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The Promise of a New Millennium: Reflections of Lutheran Bishops

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Date 12 Oct 1998 16:20:43


Reflections by the Presiding Bishop and Conference of Bishops
        of the Evangelical Lutheran Church in America

Dear sisters and brothers in Christ,

     As the year 2000 approaches, there is a growing sense of anticipation
around the globe.  Despite protests that the new millennium technically
begins on December 31, 2000, it is abundantly clear that for the general
public, when the number "two" appears on the calendar, the celebration will

                         The Millennium

     What will the world be celebrating at the turn of the millennium?  It
will be more than a momentary observance of a rare calendar event.  Like a
birthday or anniversary,  it is a natural invitation for us to reflect on
our past and to look ahead to the future.

      Why 2000?  Why the third millennium?  The reason is Jesus Christ.
For centuries dates have been designated as "B.C." (before Christ) or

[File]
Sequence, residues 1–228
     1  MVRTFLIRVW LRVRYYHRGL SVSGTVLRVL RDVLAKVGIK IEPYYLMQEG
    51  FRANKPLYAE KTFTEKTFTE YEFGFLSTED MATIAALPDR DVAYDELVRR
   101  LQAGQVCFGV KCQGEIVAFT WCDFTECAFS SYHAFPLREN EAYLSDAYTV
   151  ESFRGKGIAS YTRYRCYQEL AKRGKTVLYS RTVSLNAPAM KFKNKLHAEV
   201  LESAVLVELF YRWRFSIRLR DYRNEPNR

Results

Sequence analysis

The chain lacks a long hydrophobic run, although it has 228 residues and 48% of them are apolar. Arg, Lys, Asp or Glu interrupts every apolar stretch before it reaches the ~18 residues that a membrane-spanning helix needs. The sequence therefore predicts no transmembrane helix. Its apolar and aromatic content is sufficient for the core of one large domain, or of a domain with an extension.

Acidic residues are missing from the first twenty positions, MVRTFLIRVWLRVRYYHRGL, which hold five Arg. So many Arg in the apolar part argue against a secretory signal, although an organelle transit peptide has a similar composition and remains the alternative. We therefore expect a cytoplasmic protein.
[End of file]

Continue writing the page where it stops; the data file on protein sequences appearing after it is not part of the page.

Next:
"A.D." (from the Latin anno Domini which means "in the year of our Lord").
Early societies typically marked time by reference to their king or
emperor.  When Christians placed the initials A.D. after the calendar year,
it was a great statement of faith: Jesus is Lord. Although secular
historians use other designations today, for Christians A.D. is a powerful
reminder that Jesus Christ is Lord "yesterday, today and forever."

     The Millennium, Second Coming and the End of the World

     The early Christians "lived on tiptoe," peering expectantly to the
future.  They lived in the early glow of the Resurrection, and anticipated
that their beloved Jesus would return soon.  Their hope in Jesus' "Second
Coming" looked for the fulfillment of history and God's final triumph over
sin, death and evil . As the third millennium nears, we remember the
impassioned prayer of hope that marked early Christian worship:
"Maranatha", i.e., "Our Lord, come."

     When Jesus was asked about his return, he said, "About that day and